The Daily Dish
November 4, 2019
Setting the Stage for 5G Wireless
Eakinomics: Setting the Stage for 5G Wireless
There are a lot of vague hopes for better infrastructure, but one very concrete issue is the foundation for 5G wireless networks: spectrum. Unlike other kinds of infrastructure, however, there is only so much spectrum out there. In the early years of radio, television and other communications, the basic approach was to simply give the spectrum away. This had two drawbacks: the allocation of the spectrum among competing interests was settled by the political mechanism and taxpayers were not compensated for permitting the use of this common property.
As time progressed, the federal government turned to auctions as the means of allocating spectrum. This took care of the taxpayers; they received the proceeds of the auction. And, in principle, it took the politics out of who got the spectrum. Except that it did not. Political interests intervened to shape the auctions — limitations were placed on some bidders, portions of the spectrum were set aside for preferred bidders, and so forth. These two aspects interact, however, because limitations on auctions work to reduce the total proceeds from the auction.
With regard to 5G, this interaction is even more important. To lay the groundwork for 5G, the Federal Communications Commission (FCC) must decide how to reallocate the use of spectrum, in particular 180 megahertz (MHz) of spectrum between 3.7 gigahertz (GHz) and 4.2 GHz. AAF’s Will Rinehart’s research details the attractive features of the so-called C-Band. First, lower frequency bands are best for broad coverage and can penetrate buildings. With most of the low-band space (below 1 GHz) already in use, people are very interested in the C-Band. Second, the C-Band spans 500 MHz, making it one of the largest contiguous bands in spectrum. It is also the spectrum that other countries are likely to use for their 5G wireless services. Finally, satellite providers currently use the C-Band to distribute video programming. Technological advances have been such that they no longer need the full spectrum allocated.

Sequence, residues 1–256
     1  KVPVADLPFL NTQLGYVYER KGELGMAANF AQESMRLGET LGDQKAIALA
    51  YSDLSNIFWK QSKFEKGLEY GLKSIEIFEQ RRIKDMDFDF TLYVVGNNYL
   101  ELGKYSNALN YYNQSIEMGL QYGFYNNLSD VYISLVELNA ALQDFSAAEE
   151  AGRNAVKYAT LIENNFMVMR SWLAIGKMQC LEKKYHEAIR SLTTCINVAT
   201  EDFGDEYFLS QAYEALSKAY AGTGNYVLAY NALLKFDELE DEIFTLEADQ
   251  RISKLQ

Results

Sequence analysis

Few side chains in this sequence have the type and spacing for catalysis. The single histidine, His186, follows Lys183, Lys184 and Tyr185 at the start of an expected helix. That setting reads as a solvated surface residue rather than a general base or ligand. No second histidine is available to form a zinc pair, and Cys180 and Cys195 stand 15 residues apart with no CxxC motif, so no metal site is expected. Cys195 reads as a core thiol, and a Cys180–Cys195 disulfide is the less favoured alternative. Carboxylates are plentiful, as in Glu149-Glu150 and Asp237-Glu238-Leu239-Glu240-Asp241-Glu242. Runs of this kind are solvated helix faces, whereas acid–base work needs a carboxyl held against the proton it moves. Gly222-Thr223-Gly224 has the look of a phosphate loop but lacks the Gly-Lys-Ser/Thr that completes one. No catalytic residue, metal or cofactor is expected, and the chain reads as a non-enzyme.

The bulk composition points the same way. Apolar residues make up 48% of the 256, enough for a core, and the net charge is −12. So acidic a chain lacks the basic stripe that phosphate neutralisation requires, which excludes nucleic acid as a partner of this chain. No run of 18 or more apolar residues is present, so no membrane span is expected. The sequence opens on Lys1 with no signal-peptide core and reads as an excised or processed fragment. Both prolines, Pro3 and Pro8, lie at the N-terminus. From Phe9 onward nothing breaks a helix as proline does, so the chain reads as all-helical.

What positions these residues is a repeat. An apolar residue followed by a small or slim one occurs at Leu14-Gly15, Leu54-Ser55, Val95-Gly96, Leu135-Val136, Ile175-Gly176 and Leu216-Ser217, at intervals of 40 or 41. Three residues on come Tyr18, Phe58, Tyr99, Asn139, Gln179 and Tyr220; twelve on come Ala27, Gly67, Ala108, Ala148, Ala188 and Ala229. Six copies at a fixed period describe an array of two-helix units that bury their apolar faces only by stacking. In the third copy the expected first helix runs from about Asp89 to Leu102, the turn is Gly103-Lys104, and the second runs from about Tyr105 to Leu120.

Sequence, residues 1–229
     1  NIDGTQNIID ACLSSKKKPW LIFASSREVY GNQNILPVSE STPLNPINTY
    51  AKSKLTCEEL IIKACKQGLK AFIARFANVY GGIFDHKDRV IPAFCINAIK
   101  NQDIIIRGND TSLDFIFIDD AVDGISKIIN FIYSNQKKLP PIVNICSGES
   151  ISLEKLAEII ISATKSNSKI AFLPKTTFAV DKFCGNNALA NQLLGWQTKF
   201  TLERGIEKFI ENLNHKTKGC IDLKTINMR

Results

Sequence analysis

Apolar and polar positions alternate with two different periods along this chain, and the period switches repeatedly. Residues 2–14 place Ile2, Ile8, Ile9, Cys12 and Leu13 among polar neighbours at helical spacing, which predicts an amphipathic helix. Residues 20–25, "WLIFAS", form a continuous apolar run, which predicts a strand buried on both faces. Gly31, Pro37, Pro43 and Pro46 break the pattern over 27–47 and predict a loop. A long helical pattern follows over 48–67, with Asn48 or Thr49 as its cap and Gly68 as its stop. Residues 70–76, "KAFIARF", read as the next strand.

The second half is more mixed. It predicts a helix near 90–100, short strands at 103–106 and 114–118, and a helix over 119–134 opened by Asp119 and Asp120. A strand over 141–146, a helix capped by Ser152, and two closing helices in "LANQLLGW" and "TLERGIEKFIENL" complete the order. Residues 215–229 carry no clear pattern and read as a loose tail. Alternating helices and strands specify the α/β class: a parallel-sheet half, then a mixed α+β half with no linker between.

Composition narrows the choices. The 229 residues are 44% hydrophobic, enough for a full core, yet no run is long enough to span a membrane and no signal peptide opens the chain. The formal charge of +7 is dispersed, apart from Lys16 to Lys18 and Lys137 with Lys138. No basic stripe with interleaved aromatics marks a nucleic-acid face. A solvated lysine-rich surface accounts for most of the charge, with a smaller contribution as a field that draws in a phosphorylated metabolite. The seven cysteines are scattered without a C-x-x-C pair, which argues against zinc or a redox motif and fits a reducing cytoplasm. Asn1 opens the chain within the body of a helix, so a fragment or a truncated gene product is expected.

The usual approach is a two-sided auction in which 5G providers would bid for spectrum and the FCC would use the money to make offers for the C-Band spectrum. History shows that this process would take a long time, inevitably would result in political favors lowering the proceeds from the auction, and would permit one or a small number of C-Band spectrum video transmitters to “hold out” for unreasonably large compensation.
Enter the C-Band Alliance (CBA), which proposes that the FCC sanction its auction of the spectrum. This would have the advantage that it would solve the holdout problem — all of the key owners of C-Band spectrum are on board — and reduce the issue to a simple, one-sided auction. And it could solve the political problem because there are no favored band holders within the alliance. Finally, for both reasons it would be fast — and time is money in getting a jump start on 5G: a 2-year delay is like forgoing $18 billion in consumer surplus benefits. And it would maximize the auction proceeds, allowing a greater contribution to the fisc.
The CBA proposal makes economic sense and merits serious consideration.
Fact of the Day
The October U-6 (the broadest measure of unemployment) increased to 7.0 percent, reflecting the slight increase in the regular unemployment measure.